The opinion of the court was delivered by: SIRICA
This is an action for a declaratory judgment brought by the Old Kent Bank and Trust Company of Grand Rapids, Michigan, a state member bank of the Federal Reserve System, to obtain a ruling from this Court that the Federal Reserve Board exceeded its statutory powers when it declined to approve the plaintiff's operation of several additional branches or branch offices which plaintiff had acquired as a result of a merger with Peoples National Bank of Grand Rapids, Michigan, a national banking association. Defendants, who are members of the Federal Reserve Board, moved to dismiss the complaint or, in the alternative, moved for summary judgment. Plaintiff then filed a cross-motion for summary judgment. Since there seems to be no genuine issue of material fact and since the essential issue is the lawfulness of the Board's action under the Federal banking laws, the Court will consider this motion as one for summary judgment.
The Board refused to approve the operation by plaintiff of the additional branches on the ground that this would probably have an adverse effect upon competition in the Grand Rapids area. The source of the Board's authority in approving the operation of branch banks is derived from Section 9 of the Federal Reserve Act, as amended (12 U.S.C.A. 321), which reads in part as follows:
'Any such State bank which on February 25, 1927, has established and is operating a branch or branches in conformity with the State law, may retain and operate the same while remaining or upon becoming a stockholder of such Federal reserve bank; but no such State bank may retain or acquire stock in a Federal reserve bank except upon relinquishment of any branch or branches established after February 25, 1927, beyond the limits of the city, town, or village in which the parent bank is situated: Provided, however, That nothing herein contained shall prevent any State member bank from establishing and operating branches in the United States or any dependency or insular possession thereof or in any foreign country, on the same terms and conditions and subject to the same limitations and restrictions as are applicable to the establishment of branches by national banks except that the approval of the Board of Governors of the Federal Reserve System, instead of the Comptroller of the Currency, shall be obtained before any State member bank may hereafter establish any branch and before any State bank hereafter admitted to membership may retain any branch established after February 25, 1927, beyond the limits of the city, town, or village in which the parent bank is situated. The approval of the Board shall likewise be obtained before any State member bank may establish any new branch within the limits of any such city, town, or village (except within the District of Columbia).'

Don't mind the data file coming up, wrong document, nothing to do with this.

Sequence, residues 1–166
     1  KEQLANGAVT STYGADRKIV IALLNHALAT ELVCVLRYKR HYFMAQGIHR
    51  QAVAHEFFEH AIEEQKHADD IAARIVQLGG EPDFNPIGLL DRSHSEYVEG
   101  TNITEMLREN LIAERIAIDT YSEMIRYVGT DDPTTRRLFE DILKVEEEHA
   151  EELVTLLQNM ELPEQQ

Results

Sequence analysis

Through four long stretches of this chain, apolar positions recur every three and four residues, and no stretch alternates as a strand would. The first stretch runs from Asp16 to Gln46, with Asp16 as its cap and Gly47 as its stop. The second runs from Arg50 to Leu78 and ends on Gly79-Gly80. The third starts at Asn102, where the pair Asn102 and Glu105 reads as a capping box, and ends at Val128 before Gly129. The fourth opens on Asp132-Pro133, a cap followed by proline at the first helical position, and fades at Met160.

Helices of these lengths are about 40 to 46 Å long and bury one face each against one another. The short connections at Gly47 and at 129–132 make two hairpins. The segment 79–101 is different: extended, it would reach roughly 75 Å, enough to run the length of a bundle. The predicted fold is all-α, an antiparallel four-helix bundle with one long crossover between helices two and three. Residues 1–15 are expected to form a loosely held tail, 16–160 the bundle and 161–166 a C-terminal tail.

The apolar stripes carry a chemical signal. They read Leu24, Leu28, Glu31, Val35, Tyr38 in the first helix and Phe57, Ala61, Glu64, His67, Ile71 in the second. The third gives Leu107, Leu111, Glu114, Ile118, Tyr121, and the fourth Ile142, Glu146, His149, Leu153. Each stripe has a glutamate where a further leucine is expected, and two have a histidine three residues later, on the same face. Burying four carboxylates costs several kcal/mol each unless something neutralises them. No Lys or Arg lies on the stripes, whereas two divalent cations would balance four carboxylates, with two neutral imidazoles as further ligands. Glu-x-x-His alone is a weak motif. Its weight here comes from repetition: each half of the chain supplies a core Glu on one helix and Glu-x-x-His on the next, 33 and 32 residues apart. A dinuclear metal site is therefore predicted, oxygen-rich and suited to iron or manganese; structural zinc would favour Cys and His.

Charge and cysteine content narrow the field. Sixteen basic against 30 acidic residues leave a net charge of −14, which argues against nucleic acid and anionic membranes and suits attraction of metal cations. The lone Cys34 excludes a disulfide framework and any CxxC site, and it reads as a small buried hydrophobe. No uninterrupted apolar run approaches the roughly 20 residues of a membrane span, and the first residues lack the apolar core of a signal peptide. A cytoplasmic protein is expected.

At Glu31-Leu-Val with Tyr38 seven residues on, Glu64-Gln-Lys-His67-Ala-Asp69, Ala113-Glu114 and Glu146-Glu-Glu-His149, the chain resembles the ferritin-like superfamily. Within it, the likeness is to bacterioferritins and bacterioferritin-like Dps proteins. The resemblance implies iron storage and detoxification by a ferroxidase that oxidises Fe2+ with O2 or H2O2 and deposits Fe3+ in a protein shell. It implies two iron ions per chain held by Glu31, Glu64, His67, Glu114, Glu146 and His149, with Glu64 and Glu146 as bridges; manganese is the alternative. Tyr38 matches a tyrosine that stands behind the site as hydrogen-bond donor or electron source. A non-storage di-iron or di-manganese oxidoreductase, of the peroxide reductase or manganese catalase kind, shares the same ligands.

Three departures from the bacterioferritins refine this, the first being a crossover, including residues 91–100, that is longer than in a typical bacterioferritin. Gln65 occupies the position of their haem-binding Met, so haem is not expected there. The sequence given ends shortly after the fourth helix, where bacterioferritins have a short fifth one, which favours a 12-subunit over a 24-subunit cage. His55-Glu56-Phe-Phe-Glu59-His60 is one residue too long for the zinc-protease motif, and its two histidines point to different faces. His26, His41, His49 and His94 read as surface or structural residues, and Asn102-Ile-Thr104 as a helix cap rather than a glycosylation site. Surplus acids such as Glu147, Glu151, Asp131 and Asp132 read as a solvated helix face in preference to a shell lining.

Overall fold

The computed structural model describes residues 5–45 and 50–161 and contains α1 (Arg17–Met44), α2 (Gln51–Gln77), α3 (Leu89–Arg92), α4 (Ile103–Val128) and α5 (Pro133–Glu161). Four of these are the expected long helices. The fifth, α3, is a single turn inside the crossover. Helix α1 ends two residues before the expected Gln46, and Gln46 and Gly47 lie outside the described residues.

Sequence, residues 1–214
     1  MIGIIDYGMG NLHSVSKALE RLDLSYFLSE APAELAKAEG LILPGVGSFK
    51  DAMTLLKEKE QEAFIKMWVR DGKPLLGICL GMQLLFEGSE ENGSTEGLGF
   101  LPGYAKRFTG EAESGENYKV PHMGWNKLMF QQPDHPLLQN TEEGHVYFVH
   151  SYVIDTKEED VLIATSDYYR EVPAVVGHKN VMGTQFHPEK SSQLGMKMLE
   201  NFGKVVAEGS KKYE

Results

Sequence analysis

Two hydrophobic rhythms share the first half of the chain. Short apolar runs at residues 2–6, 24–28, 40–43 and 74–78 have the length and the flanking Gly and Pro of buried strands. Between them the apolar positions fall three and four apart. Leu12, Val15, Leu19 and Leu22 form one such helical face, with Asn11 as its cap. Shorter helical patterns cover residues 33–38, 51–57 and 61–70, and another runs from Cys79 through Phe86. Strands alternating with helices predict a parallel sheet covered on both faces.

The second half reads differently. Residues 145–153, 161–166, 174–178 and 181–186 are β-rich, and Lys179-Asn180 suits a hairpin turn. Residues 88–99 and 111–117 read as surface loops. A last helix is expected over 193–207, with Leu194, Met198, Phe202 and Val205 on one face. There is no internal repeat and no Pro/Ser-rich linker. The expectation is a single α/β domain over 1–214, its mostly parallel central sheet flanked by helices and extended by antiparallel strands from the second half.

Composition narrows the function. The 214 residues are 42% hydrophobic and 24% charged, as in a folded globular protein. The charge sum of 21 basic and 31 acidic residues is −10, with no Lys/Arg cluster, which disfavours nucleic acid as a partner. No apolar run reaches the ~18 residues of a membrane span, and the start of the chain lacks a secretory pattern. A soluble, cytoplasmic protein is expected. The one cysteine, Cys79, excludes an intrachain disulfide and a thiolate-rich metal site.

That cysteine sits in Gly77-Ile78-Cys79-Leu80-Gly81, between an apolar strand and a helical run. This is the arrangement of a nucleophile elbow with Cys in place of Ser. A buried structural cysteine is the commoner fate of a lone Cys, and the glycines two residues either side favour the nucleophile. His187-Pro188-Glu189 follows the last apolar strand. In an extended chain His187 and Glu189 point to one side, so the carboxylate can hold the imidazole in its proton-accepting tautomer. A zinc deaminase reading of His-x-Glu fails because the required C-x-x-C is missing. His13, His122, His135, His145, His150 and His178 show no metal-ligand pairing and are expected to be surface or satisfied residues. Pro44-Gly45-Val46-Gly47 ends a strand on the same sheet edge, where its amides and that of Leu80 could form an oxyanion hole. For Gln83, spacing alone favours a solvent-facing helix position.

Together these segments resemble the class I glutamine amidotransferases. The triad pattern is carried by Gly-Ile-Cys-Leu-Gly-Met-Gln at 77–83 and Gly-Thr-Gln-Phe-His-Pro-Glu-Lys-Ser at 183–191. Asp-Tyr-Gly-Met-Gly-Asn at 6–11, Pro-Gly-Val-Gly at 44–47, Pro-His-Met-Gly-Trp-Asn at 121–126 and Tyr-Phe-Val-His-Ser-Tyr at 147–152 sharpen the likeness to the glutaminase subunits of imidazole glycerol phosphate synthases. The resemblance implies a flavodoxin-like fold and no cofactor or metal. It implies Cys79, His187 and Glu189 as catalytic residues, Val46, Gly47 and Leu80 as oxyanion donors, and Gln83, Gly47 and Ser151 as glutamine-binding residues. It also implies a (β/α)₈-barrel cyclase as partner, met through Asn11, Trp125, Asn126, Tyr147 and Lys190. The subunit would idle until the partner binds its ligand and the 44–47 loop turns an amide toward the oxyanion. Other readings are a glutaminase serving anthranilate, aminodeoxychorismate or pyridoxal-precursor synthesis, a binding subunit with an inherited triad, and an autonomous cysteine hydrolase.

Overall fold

Thus, the statute requires that state member banks obtain the approval of the Board before they may 'establish' branches and, under certain circumstances, before they may 'retain' branches. It seems clear from ordinary usage as well as from the context of this statute that when plaintiff began operating as its own the former branches of Peoples Bank, it was 'establishing' new branches. It would be difficult to argue that it was 'retaining' branches because before the merger these branch facilities did not form any part of plaintiff's organization. Furthermore, no persuasive showing has been made that Congress intended to make any distinction, when it chose the word 'establish', between plaintiff's creating new branch facilities where none had existed before, and acquiring the pre-existing branches of another bank in order to operate them as its own. In either case, the party concerned ends up with a greater number of branches than before. It is this act of increasing the number of branches that requires prior approval by the Board.
In addition, when Congress empowers an agency to 'approve' an action, it normally requires the agency to consider the probable effects of the action within the area of agency responsibility. The existence of too much or too little competition may cause serious harm in banking as it may in other areas of business. Thus, it is important for the Board to consider whether an applicant may be seeking to establish a large number of branches in order to give it an undue competitive advantage over other member or non-member banks in a given locality.
When it denied plaintiff's application, the Board had substantial evidence before it to warrant a conclusion that plaintiff's operation of the proposed branches would be likely to have an adverse effect on banking competition in the Grand Rapids area.
Counsel will prepare an appropriate order.
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